Educational Objectives

Within a few years of graduation, graduates of the mechanical engineering program will:

  • have successful careers in engineering and beyond and will have assumed professional roles of increasing responsibility and impact;
  • have acquired new knowledge and expertise through professional development opportunities or advanced education; and
  • be engaged in workplace, professional, or civic communities.

Graduates of the Department in Mechanical Engineering B.S.E. program will be prepared to effectively contribute as engineers in a diverse and multidisciplinary work environment. They will have an ability to:

  • identify, formulate, and solve complex engineering problems by applying principles of engineering, science, and mathematics;
  • apply engineering design to produce solutions that meet specified needs with consideration of public health, safety, and welfare as well as global, cultural, social, environmental, and economic factors;
  • communicate effectively with a range of audiences;
  • recognize ethical and professional responsibilities in engineering situations and make informed judgments which consider the impact of engineering solutions in global, economic, environmental, and societal contexts;
  • function effectively on a team whose members together provide leadership, create a collaborative and inclusive environment, establish goals, plan tasks, and meet objectives;
  • develop and conduct appropriate experimentation, analyze and interpret data, and use engineering judgment to draw conclusions; and
  • acquire and apply new knowledge as needed, using appropriate learning strategies.

The Bachelor of Science in Engineering requires a minimum of 128 s.h. of credit. Students must have a g.p.a. of at least 2.00 on all college work used to satisfy degree requirements as well as on all work undertaken at the University of Iowa.

The major in mechanical engineering lays a foundation in the basic disciplines of mathematics, physics, and chemistry and in the engineering sciences of statics, dynamics, thermodynamics, mechanics of deformable bodies, mechanics of fluids and transfer processes, materials science, and electrical sciences. An understanding of these sciences enables mechanical engineers to design parts of systems and understand whole systems, plan the production and use of energy, plan and operate industrial manufacturing facilities, and design automatic control systems for machines and other mechanical systems.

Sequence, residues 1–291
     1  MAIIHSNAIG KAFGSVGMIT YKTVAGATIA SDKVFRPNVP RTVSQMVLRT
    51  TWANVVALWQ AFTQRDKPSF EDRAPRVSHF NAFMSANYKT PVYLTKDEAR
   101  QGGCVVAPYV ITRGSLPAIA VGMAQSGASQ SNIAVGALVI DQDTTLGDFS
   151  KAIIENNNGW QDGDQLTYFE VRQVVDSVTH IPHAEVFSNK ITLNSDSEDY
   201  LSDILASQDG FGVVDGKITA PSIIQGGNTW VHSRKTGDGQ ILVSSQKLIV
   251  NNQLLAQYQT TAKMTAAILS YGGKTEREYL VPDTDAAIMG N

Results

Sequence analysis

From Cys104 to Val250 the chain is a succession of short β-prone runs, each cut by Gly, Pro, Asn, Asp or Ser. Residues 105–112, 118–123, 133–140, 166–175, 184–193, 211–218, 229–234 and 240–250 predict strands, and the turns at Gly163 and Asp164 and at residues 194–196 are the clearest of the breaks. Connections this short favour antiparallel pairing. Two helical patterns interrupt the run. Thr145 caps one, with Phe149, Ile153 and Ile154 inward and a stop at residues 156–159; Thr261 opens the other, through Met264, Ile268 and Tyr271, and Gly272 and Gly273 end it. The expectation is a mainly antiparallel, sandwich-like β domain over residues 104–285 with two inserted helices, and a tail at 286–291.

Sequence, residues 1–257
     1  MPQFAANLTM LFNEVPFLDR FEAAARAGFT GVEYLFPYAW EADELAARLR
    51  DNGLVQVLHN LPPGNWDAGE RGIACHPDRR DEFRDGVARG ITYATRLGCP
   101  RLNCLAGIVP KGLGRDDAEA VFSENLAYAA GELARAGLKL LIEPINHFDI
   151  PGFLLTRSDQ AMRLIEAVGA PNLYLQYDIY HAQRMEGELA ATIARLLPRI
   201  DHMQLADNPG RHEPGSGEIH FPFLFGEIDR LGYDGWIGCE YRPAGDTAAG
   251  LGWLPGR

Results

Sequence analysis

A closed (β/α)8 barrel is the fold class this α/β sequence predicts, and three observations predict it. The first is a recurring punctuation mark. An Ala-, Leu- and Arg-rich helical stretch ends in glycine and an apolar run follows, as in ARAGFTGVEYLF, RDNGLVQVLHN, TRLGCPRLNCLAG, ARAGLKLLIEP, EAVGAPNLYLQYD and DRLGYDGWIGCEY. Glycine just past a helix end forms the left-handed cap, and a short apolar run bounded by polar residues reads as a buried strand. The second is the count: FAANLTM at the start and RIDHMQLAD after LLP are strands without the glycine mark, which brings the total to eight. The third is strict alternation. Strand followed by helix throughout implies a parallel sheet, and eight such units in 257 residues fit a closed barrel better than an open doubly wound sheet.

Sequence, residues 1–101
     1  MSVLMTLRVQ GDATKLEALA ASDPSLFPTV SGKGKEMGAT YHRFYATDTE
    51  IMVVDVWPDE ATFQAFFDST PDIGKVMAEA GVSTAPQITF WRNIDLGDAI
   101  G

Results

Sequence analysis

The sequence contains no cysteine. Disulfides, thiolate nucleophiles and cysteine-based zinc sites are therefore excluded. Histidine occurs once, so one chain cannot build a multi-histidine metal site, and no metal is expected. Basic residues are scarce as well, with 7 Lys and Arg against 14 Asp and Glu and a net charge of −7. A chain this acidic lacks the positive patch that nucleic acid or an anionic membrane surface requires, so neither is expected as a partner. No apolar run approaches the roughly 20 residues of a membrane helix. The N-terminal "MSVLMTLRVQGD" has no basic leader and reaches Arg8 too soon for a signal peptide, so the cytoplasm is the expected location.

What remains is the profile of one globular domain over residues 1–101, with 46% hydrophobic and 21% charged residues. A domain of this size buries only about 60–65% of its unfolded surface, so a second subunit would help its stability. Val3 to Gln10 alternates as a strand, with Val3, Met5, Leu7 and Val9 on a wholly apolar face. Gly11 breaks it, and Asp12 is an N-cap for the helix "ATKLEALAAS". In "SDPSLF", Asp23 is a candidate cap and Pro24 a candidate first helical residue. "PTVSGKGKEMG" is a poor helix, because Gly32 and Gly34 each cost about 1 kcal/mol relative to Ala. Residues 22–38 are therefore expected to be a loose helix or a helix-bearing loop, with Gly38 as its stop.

Mechanical engineering students develop an awareness of social and humanistic issues relating to business, environment, government, history, language, religion, and international relations. They also acquire an appreciation of professional and ethical responsibilities.

All engineering students complete the B.S.E. core requirements, which include RHET:1030 Rhetoric, ENGR:1100 Introduction to Engineering Problem SolvingENGR:1300 Introduction to Engineering Computing, and courses in chemistry, engineering mathematics and fundamentals, and physics.

They also complete the curriculum designed for their major program, which covers four major stems: mathematics and basic sciences, engineering topics, a focus area, and the General Education Component (GEC). For information about the curriculum stems, see the Bachelor of Science in Engineering, B.S.E. in the Catalog.

Upper-level students work on team projects in a senior capstone design course, ME:4086 Mechanical Engineering Design Project. Some students may arrange to participate in established research projects.

Students must select focus area elective courses according to guidelines established by the Department of Mechanical Engineering. See "Focus Area" below.

Focus Area

The mechanical engineering program offers a variety of focus area options, including standard focus areas developed and maintained by the program and flexible focus areas tailored to individual student interests.

Mechanical engineering students can select a focus area from the following.

  • Energy and Environment
  • Manufacturing
  • Mechanical Engineering Design
  • Robotics and Autonomous Systems
  • Tailored

For a list of standard mechanical engineering focus area options and guidelines for tailored focus areas, see the undergraduate Mechanical Engineering Program page on the Department of Mechanical Engineering website.

B.S.E./M.S. in Mechanical Engineering

A Bachelor of Science/Master of Science combined degree program is available for qualified University of Iowa undergraduate students. This allows students to complete a M.S. degree in two or three semesters after completion of their B.S.E. degree. Those in the combined degree program receive a B.S.E. degree when all requirements have been completed, and then become M.S. students in the Department of Mechanical Engineering (ME).

The Undergrad to Grad (U2G) combined degree program is primarily intended for students interested in pursuing the M.S. nonthesis degree option. However, the M.S. degree thesis option can be pursued in instances where students have been conducting research under the supervision of a ME faculty member since, at least, the summer following their junior year, and a ME faculty member is willing to advise them and serve as committee chair for their final exam.